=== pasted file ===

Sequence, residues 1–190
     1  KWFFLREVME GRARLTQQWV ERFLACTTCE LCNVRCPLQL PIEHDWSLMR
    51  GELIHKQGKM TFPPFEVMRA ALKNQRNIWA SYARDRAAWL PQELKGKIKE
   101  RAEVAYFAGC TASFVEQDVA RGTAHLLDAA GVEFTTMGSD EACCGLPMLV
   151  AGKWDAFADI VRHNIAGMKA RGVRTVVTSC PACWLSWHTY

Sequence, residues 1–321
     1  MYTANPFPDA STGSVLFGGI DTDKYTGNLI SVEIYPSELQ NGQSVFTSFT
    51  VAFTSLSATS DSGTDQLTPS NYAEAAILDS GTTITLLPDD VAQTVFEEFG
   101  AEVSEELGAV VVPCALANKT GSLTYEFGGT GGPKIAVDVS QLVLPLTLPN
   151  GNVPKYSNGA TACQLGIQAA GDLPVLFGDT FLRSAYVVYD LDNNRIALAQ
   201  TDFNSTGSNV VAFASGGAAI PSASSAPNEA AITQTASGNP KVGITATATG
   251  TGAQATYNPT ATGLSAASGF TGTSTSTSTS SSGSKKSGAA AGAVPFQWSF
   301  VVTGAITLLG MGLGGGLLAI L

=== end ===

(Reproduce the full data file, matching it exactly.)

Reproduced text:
Sequence, residues 1–190
     1  KWFFLREVME GRARLTQQWV ERFLACTTCE LCNVRCPLQL PIEHDWSLMR
    51  GELIHKQGKM TFPPFEVMRA ALKNQRNIWA SYARDRAAWL PQELKGKIKE
   101  RAEVAYFAGC TASFVEQDVA RGTAHLLDAA GVEFTTMGSD EACCGLPMLV
   151  AGKWDAFADI VRHNIAGMKA RGVRTVVTSC PACWLSWHTY

Sequence, residues 1–321
     1  MYTANPFPDA STGSVLFGGI DTDKYTGNLI SVEIYPSELQ NGQSVFTSFT
    51  VAFTSLSATS DSGTDQLTPS NYAEAAILDS GTTITLLPDD VAQTVFEEFG
   101  AEVSEELGAV VVPCALANKT GSLTYEFGGT GGPKIAVDVS QLVLPLTLPN
   151  GNVPKYSNGA TACQLGIQAA GDLPVLFGDT FLRSAYVVYD LDNNRIALAQ
   201  TDFNSTGSNV VAFASGGAAI PSASSAPNEA AITQTASGNP KVGITATATG
   251  TGAQATYNPT ATGLSAASGF TGTSTSTSTS SSGSKKSGAA AGAVPFQWSF
   301  VVTGAITLLG MGLGGGLLAI L